Social media’s rising stars see Bassem Youssef as inspiration
A band of rising stars on social media are looking to follow Egyptian satirist Bassem Youssef
Egyptian satirist Bassem Youssef is now a household name in the Middle East – and a band of rising stars on social media are looking to follow in his footsteps.
Several young people who post videos on sites like YouTube and Instagram were referenced as “new media personalities” at this week’s Arab Media Forum (AMF) in Dubai.
“Bassem Youssef’s program is amazing, with the way it presents political satire,” said Abdulaziz bin Baz, who has close to 25,000 Twitter followers, and 772,000 followers on Instagram.
Bin Baz, an Emirati in his early twenties, gained popularity through his short humorous videos posted on Instagram, which discuss everyday social matters in a satirical and spontaneous manner.
His popularity was evident by the amount of ‘selfies’ his fans requested to take with him at the AMF.
Bin Baz considers television to be a platform in which he would like to continue his career. He had previous experience in writing scripts and scenarios for his short videos.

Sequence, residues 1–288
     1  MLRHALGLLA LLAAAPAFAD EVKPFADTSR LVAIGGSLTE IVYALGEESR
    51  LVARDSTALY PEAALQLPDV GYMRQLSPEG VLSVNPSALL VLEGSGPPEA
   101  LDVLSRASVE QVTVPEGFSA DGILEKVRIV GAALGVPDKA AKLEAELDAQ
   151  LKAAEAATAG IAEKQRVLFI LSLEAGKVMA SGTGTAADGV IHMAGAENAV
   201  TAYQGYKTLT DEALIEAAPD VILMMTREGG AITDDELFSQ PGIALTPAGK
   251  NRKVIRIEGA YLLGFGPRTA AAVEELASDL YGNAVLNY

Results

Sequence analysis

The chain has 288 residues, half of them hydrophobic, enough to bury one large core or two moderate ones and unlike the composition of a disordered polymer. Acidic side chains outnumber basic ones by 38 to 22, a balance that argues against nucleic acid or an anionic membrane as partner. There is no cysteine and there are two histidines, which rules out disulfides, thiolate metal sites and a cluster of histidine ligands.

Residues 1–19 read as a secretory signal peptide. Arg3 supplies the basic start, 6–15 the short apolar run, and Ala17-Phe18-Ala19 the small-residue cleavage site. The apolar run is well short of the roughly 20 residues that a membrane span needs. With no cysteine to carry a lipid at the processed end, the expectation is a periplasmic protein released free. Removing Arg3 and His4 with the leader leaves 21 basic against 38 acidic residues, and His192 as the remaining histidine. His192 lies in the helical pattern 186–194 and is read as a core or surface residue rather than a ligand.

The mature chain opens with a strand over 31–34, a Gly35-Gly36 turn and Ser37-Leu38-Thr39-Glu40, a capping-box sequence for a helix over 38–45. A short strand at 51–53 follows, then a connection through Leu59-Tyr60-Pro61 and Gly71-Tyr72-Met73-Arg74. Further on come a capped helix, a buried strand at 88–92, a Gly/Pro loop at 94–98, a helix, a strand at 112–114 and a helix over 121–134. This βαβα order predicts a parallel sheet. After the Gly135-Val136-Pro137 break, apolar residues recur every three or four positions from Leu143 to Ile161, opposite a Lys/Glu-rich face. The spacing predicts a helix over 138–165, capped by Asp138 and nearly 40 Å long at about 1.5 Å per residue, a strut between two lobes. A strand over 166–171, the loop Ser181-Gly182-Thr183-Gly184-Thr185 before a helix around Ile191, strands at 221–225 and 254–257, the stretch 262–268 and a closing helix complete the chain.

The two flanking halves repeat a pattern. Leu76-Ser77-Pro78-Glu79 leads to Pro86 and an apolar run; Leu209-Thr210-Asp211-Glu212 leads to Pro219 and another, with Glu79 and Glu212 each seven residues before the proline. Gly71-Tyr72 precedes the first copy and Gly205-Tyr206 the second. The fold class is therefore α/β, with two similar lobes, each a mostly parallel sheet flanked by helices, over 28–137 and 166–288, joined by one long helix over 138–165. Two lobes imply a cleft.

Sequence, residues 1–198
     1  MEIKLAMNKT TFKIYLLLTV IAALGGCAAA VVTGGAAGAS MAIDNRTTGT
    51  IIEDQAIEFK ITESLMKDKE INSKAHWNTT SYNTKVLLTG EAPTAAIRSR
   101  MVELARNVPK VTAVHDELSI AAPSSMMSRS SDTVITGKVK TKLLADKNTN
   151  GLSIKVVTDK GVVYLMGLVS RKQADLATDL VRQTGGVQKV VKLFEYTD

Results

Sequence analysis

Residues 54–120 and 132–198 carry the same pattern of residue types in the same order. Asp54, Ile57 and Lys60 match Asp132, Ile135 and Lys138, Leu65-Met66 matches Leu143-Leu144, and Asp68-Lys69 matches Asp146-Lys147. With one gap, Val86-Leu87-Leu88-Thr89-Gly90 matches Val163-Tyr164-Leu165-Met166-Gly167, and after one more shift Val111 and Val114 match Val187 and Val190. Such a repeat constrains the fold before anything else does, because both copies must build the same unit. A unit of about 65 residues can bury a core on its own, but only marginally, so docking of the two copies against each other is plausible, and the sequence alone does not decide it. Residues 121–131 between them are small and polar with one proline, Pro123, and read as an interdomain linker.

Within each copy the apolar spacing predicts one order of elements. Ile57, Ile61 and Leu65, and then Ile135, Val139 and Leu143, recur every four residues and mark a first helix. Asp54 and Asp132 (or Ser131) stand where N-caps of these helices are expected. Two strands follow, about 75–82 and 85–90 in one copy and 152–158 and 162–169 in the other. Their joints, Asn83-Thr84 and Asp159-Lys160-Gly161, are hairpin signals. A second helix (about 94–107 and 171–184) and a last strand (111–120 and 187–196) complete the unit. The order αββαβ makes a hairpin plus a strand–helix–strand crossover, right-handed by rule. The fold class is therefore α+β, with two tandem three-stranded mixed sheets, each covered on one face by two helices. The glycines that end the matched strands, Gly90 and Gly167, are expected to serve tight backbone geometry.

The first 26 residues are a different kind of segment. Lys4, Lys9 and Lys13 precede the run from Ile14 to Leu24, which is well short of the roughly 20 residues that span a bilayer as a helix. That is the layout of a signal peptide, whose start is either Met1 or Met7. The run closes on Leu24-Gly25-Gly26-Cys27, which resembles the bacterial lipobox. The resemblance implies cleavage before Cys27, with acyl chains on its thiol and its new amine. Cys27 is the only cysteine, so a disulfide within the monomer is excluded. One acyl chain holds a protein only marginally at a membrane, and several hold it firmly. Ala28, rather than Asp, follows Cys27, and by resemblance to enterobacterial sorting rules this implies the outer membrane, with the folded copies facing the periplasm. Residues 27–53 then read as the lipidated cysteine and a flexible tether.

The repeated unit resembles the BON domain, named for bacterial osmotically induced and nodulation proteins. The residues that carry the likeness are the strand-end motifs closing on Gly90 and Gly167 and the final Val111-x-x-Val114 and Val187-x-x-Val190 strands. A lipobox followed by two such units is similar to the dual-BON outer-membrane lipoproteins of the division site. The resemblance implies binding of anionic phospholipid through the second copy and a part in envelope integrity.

Adam Saleh, a Yemeni-American in his early twenties, said Bassem Youssef has gained popularity in the United States as well as the Arab world.
“I see Bassem Youssef as an inspiration… a lot of people look up to him in America too, and he’s my idol,” Saleh said.
Saleh is based in New York City, and gained international popularity through his short videos posted on Instagram, which mostly portray – in a humorous manner –issues faced by Muslim Arabs in the United States.
He has around 309,000 followers on Instagram and 69,400 on Twitter.
Saleh is already following in the footsteps of Bassem Youssef, with a fledgling television career in the United States.
“I just got signed with Amplitude Productions and we’re looking at our own TV show… in America,” he said.
Saleh said the TV program will “not be a talk show,” and should start being aired in 2015. He did not disclose further details.
While Saleh may not face severe restrictions on his content in the U.S., he is considering moving back to the Middle East within five years, and will have to see what the region has to offer him then.